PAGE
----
Groundbreaking actress-singer Diahann Carroll ("Julia," "Claudine") was an 18-year-old New York model when her singing career took off. Her break came when she won a talent show called, appropriately enough, "Chance of a Lifetime" in January 1954 on the old DuMont Network. Besides the cash prize, she was booked at the famed Latin Quarter nightclub. By year's end she had made her film debut in Otto Preminger's "Carmen Jones" with Dorothy Dandridge and Harry Belafonte and her Broadway bow in the Truman Capote-Harold Arlen musical "House of Flowers" with the legendary Pearl Bailey.
CALIFORNIA | LOCAL
December 21, 1994 | NICHOLAS RICCARDI, TIMES STAFF WRITER
Stephen N. Getzoff is no ordinary rent-a-cop. Sure, he's a reserve police officer. But armed with a calculator and a balance sheet, there's a good chance Getzoff can tell if your company is being ripped off. White-collar fraud is a multibillion dollar business, and people like Getzoff are the Sam Spades of corporate crime. Getzoff recently became a Certified Fraud Examiner after three decades of fraud sleuthing, tying him into a worldwide network of white-collar crime busters.
NEWS
January 1, 1993 | JOHN MORELL, SPECIAL TO THE TIMES
Tacked, Barred and Chained: If you're a white collar worker and male, at some point in your career you will probably be given a symbol of your employer's appreciation for your years of service: a tie tack, bar or chain with the corporate seal or trademark soldered on top. Of course, you'd probably prefer the cash, but if you end up getting the tie restraint, you may as well try it.
BUSINESS
March 29, 2013 | By Andrew Tangel, Los Angeles Times
NEW YORK - Preet Bharara, the man dubbed the new sheriff of Wall Street, notched another arrest in the government's vast insider trading probe. This time the top federal prosecutor in Manhattan nabbed a top portfolio manager at one of America's biggest hedge funds. SAC Capital Advisors' Michael Steinberg was led out of his Park Avenue apartment building in handcuffs early Friday morning. It's a major arrest at a fund that has long drawn government scrutiny. Bharara, 44, has carved out a reputation for being a tough prosecutor who has overseen some of the most high-profile white-collar criminal cases since the 1980s.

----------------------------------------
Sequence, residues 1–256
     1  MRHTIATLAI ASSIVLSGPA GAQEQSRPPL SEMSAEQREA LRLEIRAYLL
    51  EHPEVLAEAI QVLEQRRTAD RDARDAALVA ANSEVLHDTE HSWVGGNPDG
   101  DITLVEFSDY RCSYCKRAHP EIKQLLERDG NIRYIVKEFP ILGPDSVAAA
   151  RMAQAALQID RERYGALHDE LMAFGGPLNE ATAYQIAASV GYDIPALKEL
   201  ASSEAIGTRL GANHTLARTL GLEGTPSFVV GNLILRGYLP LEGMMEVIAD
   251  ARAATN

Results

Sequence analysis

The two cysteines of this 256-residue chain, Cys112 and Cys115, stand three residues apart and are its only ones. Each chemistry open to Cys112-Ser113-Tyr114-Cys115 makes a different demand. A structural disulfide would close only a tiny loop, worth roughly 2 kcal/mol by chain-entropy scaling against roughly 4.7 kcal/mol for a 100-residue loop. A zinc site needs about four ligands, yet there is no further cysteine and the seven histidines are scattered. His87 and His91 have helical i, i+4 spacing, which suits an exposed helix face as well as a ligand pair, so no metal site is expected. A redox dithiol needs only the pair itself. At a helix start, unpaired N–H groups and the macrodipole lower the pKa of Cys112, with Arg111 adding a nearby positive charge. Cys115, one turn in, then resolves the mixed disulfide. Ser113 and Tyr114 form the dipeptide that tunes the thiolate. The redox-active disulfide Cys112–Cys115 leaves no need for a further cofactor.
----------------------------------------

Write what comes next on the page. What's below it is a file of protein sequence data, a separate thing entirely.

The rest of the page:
ENTERTAINMENT
March 4, 2013 | By Ed Stockly
Customized TV Listings are available here: www.latimes.com/tvtimes Click here to download TV listings for the week of March 3 - 9, 2013 in PDF format This week's TV Movies   SERIES "Wild Things With Dominic Monaghan" The new episode "Giant Malaysian Honey Bees" looks at surprisingly large insects. 7 and 10 p.m. BBC America "Celebrity Wife Swap" Rapper Coolio's girlfriend switches places with Mark McGrath's wife for a week in this new episode.